[Special Issue] #10QuestionswithMaxwell Interview Series: Ban Jiun Ean, Singapore Mediation Centre

Interview Series - Ban Jiun Ean

This interview is released in conjunction with Singapore Convention Week 2021.

For the first #10QuestionsWithMaxwell feature for #SCWeek2021 special issue, we reached out to Ban Jiun Ean, Executive Director of Singapore Mediation Centre (SMC). A former policymaker at the Ministry of Law (MinLaw) for 9 years since 2001, Jiun Ean’s works focuses on the development of Singapore’s alternative dispute resolution (ADR) industry. His firm belief in the value of mediation of dispute resolution mechanism is rooted in his work for MinLaw’s Community Mediation Centres.

Jiun Ean was also the founding Chief Executive of Maxwell Chambers between 2010 to 2015, during which he spearheaded the company’s establishment as the world’s first integrated dispute resolution centre.

In this interview, Jiun Ean shared his biggest inspiration throughout his career, his mediation style, his onward plans for Singapore Mediation Centre in the next 2-3 years and more.

 

Read his full interview below:

 

Q: What inspired you to be a mediator?

A: My personal convictions and faith have always stressed the importance of being a peacemaker. Mediation is the dispute resolution process that is least adversarial and has the strongest ability to maintain good relations between the disputing parties. As such, it was always something that I believed in.

 

Q: What is your mediation style?

A: Very often, mediation styles arise from personality traits of the mediator. For me, I am a rational person foremost in how I interact with others, so persuading people to see the logical and sensible approach is usually my most effective way of getting things done.

 

Q: Have you received any interesting cases whereby the mediation outcome is being challenged or questioned? – Mediator to Mediator (Question from Katherine Yap, Chief Executive of Maxwell Chambers)

A: Mediation in general doesn’t get challenged, unless the mediator was guilty of some egregious behaviour. Usually, parties who are not happy with the direction of the mediation will just walk out, or end without a settlement. So, no, I haven’t personally seen any mediations where the outcome was challenged or questioned.

 

Q: Share some advice to the young individuals who are looking to get into the field of mediation.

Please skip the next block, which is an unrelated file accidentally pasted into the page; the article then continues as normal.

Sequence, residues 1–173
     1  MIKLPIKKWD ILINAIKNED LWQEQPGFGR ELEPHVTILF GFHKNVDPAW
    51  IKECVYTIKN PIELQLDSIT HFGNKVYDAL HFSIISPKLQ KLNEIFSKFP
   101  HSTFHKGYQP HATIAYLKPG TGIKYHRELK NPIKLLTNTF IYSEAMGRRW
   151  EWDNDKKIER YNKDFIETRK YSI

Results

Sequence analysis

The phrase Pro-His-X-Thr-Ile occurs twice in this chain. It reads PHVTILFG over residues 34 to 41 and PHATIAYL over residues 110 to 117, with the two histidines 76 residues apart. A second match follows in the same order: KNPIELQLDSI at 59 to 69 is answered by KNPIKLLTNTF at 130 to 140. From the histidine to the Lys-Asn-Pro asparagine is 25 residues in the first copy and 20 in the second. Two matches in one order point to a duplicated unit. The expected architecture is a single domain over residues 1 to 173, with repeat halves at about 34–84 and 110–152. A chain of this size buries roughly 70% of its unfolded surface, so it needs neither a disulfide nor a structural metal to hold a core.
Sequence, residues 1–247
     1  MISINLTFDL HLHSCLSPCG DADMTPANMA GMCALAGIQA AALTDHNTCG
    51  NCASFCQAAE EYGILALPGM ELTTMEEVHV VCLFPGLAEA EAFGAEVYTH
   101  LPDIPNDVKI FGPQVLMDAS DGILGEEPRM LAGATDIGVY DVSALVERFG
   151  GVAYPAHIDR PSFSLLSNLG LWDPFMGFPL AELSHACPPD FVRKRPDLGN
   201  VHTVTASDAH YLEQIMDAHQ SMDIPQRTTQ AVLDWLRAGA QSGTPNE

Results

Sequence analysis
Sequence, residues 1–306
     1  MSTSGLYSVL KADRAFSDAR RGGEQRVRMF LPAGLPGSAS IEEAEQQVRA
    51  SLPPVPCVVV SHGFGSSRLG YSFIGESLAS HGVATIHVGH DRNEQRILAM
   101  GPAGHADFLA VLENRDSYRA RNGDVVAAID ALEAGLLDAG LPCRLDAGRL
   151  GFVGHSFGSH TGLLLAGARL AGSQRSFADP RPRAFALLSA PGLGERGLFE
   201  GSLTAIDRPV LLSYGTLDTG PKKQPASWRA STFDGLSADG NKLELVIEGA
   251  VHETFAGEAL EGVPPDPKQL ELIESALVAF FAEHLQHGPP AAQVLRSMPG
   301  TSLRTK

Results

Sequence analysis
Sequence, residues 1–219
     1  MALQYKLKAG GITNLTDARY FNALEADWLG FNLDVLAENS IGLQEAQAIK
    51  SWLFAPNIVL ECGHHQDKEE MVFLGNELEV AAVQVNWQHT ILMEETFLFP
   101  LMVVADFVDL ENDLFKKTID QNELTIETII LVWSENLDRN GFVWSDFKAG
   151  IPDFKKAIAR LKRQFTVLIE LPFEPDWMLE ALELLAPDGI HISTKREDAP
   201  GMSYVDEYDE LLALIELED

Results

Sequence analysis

A: Recognise the difference between doing mediation occasionally because you are passionate about it, and doing mediation as a full-time job. The latter is very difficult to achieve, and there are only a handful of people around the world who have reached this level. The reality is that most mediators will be doing something else as a full-time job, and mediating when the opportunities arise.

 

Other #10QuestionsWithMaxwell interviews you may be interested:

George Lim SC | Lim Tat | Hazel Tang | David Bateson | Prof Lawrence Boo | Dato’ Jude P. Benny

 

Q: Throughout your career, who was (or were) your biggest inspiration(s)?

A: To this day, the person who has impacted me the most in my working style and mindset was my former boss at the Ministry of Law, Ms Chan Lai Fung, who was the Permanent Secretary during some of my years there. She taught me about how to be a good leader in the workplace and we remain in regular contact to this day.

 

Q: What is one major development you are anticipating in the new ADR space?

A: Undoubtedly the move towards online ADR processes. COVID has upended our world, and ADR has changed mindsets about travelling to a location, particularly international travel. While online ADR is not preferable to face to face meetings in the experience, the advantages will increasingly outweigh the disadvantages, especially as technology improves and people get more used to it.

 

Q: Could you share with us your plans for Singapore Mediation Centre in the next 2-3 years? What has you most excited about the future?

A: As mentioned earlier, online ADR is going to be critical for all institutions, going forward. At SMC, that’s our current priority, to take small steps forward in launching an online ADR platform, and then to grow it to become more robust and powerful. This will open up opportunities that were previously closed, most notably the ability for us to handle cross-border consumer dispute cases, which are notoriously challenging because of the low-cost element involved.

 

Q: Tell us some of your most memorable experiences working in Maxwell Chambers when you were the Chief Executive.

A: I enjoy catching up with many friends from overseas who come in to Singapore regularly to arbitrate or attend events. It’s always nice to get perspectives of the world from people who live on the other side of the globe.

 

Q: Share with us your favourite corner in Maxwell Chambers or Maxwell Chambers Suites.

A: The VIP lounge in Maxwell Chambers is always fun. I don’t get to use it, of course, but I really love how we set it up and the positive response we always get from people who are inside.

 

Q: Lastly, share 3 fun facts not many know about you.

A: I write fiction novels and have a few already published on Kindle.

I spent a few years making educational card games and board games which are still being used/sold in various locations in Singapore.

My wife and I had a Lord of the Rings-themed wedding dinner, including wearing costumes and decorating the ballroom appropriately.

 


 

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